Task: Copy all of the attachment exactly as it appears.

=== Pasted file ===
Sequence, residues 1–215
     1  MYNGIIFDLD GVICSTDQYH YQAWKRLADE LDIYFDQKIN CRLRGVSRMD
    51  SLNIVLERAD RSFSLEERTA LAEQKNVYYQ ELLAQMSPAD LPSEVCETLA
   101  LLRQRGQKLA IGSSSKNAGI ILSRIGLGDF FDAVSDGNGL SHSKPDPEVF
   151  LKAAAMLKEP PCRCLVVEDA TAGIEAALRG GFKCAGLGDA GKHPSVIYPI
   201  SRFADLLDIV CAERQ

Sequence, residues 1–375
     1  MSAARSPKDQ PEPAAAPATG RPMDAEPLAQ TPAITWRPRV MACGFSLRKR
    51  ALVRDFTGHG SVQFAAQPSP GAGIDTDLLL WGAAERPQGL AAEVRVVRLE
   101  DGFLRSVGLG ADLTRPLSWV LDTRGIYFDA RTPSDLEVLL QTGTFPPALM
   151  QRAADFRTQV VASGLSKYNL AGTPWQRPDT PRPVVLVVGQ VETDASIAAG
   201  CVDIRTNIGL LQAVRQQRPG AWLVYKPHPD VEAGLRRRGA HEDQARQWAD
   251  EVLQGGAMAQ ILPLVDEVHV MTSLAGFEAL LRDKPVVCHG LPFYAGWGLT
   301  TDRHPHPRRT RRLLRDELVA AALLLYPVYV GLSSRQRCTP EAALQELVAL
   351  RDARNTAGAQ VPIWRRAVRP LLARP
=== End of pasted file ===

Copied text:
Sequence, residues 1–215
     1  MYNGIIFDLD GVICSTDQYH YQAWKRLADE LDIYFDQKIN CRLRGVSRMD
    51  SLNIVLERAD RSFSLEERTA LAEQKNVYYQ ELLAQMSPAD LPSEVCETLA
   101  LLRQRGQKLA IGSSSKNAGI ILSRIGLGDF FDAVSDGNGL SHSKPDPEVF
   151  LKAAAMLKEP PCRCLVVEDA TAGIEAALRG GFKCAGLGDA GKHPSVIYPI
   201  SRFADLLDIV CAERQ

Sequence, residues 1–375
     1  MSAARSPKDQ PEPAAAPATG RPMDAEPLAQ TPAITWRPRV MACGFSLRKR
    51  ALVRDFTGHG SVQFAAQPSP GAGIDTDLLL WGAAERPQGL AAEVRVVRLE
   101  DGFLRSVGLG ADLTRPLSWV LDTRGIYFDA RTPSDLEVLL QTGTFPPALM
   151  QRAADFRTQV VASGLSKYNL AGTPWQRPDT PRPVVLVVGQ VETDASIAAG
   201  CVDIRTNIGL LQAVRQQRPG AWLVYKPHPD VEAGLRRRGA HEDQARQWAD
   251  EVLQGGAMAQ ILPLVDEVHV MTSLAGFEAL LRDKPVVCHG LPFYAGWGLT
   301  TDRHPHPRRT RRLLRDELVA AALLLYPVYV GLSSRQRCTP EAALQELVAL
   351  RDARNTAGAQ VPIWRRAVRP LLARP